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A New Foundation for Computer Graphics with Inherent Uncertainty

Periodic Reporting for period 2 - FUNGRAPH (A New Foundation for Computer Graphics with Inherent Uncertainty)

Reporting period: 2020-04-01 to 2021-09-30

Three-dimensional (3D) Computer Graphics (CG) images are omnipresent; everyone is familiar with CG imagery in computer games or in film special effects. In recent years, CG images have become so realistic, it is hard to distinguish them from reality and even experts cannot tell if a scene in a film is live action or generated by a computer. CG is now used in many other domains, such as architecture, urban planning, product design, advertising or training and is the main technological component of Virtual and Augmented Reality.


However, creating digital assets for CG is extremely time-consuming, requiring literally hundreds of artists who painstakingly create the characters and the digital sets. The actual image generation using these assets – known with the technical term of rendering –involves complex and expensive computation. Recently, several techniques have been developed, using simple photos and videos, but also specialized sensors to capture 3D assets. However, traditional rendering techniques cannot handle this captured data because it is inaccurate, or in more technical terms, suffers from uncertainty, and it is very hard to manipulate since lighting and appearance are “frozen” to those at the time of capturing the photos or video.


The overall objective of FUNGRAPH is to address both the difficulty of creating assets and the complexity of rendering, by explicitly handling uncertainty in the data and in the rendering process for the first time. If we achieve our goals, creating, manipulating and rendering 3D assets will be come much more accessible, with far-reaching implications in all the application domains mentioned above. Simplifying the creation of such 3D assets and developing a unified solution for rendering captured and artist-created content will make the use of 3D data in such applications much easier. We hope that our results will play a central role in making 3D graphics more accessible, vastly broadening the usage of immersive 3D technologies in society. This will contribute towards the larger goal of making 3D as accessible as photos and video have become in the last few decades.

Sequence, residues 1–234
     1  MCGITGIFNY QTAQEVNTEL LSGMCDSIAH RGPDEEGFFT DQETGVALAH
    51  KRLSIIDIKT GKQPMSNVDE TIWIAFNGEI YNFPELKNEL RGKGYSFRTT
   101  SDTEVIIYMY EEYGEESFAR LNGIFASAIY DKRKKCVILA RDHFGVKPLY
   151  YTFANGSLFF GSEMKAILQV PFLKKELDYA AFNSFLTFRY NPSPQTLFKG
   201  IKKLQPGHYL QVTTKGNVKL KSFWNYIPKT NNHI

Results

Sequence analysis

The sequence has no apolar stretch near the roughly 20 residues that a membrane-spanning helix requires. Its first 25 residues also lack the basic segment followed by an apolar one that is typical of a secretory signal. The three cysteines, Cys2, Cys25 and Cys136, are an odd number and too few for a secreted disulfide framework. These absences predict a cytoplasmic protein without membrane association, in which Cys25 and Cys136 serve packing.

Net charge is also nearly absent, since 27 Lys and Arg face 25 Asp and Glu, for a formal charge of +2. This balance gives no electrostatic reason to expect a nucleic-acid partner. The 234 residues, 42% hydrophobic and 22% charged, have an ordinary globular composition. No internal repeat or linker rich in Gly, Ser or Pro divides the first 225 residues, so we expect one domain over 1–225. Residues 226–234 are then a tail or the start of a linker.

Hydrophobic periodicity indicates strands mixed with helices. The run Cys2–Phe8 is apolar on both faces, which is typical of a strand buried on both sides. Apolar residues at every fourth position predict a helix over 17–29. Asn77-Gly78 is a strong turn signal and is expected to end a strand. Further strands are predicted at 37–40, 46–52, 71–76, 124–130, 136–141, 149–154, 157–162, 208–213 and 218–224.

Achieving our objective requires us to provide a new foundation of CG rendering, with uncertainty playing a central role. We are developing new methodologies that identify uncertainty in the data and either correct it, or propagate the information to the rendering algorithms. This will allow users to more easily manipulate content and navigate in scenes created from captured data, and – in the medium/longer term – a mixture of captured and artist-created assets. We build heavily on modern machine learning techniques and contribute new methodologies based on training neural networks using artist-created data, and developing methods allowing trained neural networks to be used with real-world captured data. The new methodologies we develop will constitute a new Foundation for Computer Graphics rendering, based on a principled treatment of uncertainty, building largely on machine learning techniques.